An example of being unable comes when a person or persons were not provided with the necessary tools to perform any given task. This is a situation when a person or group is forced to improvise—a step also known as taking shortcuts. An example of this comes when a crew member is trying to get a bite with a 36” but the jaws and heels are worn out. They try to make it work or they improvise by taking a shortcut. In the investigation, it is determined they previously asked for new jaws and heels for the pipe wrench that slipped off the pipe, but none were provided. They were unable to perform the task with improper tools for the task at hand. This is a blocked performance. The individual(s) will say they had asked for proper tools. The supervisor usually responds with, “That’s the first I’ve heard of this.”
The condition of being untrained affords another reason why individuals fail. We as an industry run most new-hires through a maze of training at the beginning of employment. This is usually like drinking water out of a fire hose. To the experienced hand, the training is a grueling and boring repetition of the previously canned training that they’ve had before. It’s not consistent with the “real world.” The rookies in the industry have no concept of how to apply what they have learned. Training has to be applied in the field as well as with mentoring and on-the-job training. Lastly, when we come to the unwilling, we can arrive at an easy fix. If the employees have been properly trained and properly shown and they still take exception to the policies and procedures, then, after documentation, they must be released. The oil and gas industry was founded on risk. However, the risk has to be studied, calculated, monitored, and reduced.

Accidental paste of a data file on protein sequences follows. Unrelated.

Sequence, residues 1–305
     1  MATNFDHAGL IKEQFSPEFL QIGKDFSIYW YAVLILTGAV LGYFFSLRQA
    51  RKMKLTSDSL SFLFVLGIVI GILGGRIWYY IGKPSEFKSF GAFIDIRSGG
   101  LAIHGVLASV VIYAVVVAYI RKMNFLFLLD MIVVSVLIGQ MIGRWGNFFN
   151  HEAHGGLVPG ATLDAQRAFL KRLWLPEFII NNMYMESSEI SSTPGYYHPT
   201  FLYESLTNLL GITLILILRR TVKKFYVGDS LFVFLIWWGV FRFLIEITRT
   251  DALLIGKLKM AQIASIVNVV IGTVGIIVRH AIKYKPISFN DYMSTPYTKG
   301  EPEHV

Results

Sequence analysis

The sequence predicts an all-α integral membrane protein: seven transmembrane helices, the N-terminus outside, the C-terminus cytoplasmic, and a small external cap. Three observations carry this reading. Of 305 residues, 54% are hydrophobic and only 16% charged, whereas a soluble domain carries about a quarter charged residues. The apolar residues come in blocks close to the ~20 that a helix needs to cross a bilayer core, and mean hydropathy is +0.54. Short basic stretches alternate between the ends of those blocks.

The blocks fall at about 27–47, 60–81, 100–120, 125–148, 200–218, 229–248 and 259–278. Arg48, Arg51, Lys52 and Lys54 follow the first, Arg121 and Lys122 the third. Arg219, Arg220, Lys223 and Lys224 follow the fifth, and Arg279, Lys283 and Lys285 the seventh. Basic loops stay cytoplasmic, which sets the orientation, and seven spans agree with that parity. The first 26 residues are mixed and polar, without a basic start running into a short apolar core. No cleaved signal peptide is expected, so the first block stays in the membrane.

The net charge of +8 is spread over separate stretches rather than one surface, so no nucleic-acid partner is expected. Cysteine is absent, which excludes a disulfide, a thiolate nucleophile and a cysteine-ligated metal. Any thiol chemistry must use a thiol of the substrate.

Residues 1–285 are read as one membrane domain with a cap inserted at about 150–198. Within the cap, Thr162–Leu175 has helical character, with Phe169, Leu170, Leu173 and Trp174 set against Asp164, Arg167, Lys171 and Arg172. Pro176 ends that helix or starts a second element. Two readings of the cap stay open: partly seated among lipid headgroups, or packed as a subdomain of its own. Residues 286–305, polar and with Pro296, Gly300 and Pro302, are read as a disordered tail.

So when conducting an accident investigation, effort into the investigation is a direct correlation to the effectiveness of the mitigation of the risk. Any root cause analysis that is done with insufficient data, incorrect data, or false witness accounts is nothing more than a root cause of speculation.
When doing an accident investigation, here are some tips: 1. Separate all witnesses and get their individual statements. 2. Afterwards, ask at least 20 questions about the sequence of events, in order to try to establish a timeline. 3. Ask additional questions about any holes in their account of what happened. Ask what could have been done differently to prevent the accident. More times than not, the employees already know what could have been done differently.
So, in summation, the root cause of a poor Root Cause Analysis is an inadequate investigation. Spend the time necessary for a meaningful qualitative RCA. Regardless of whether you you use TapRoot, Five Whys, or the Bobby Jones RCA, Behavior Justification (my personal favorite), if you do an inadequate investigation you will not be led to a true root cause. Again, be safe and let’s get home to our family.
Dusty Roach is a safety professional based in Midland. He is also a public speaker on subjects of leadership and safety, and he maintains a personal website at dustyroach.com.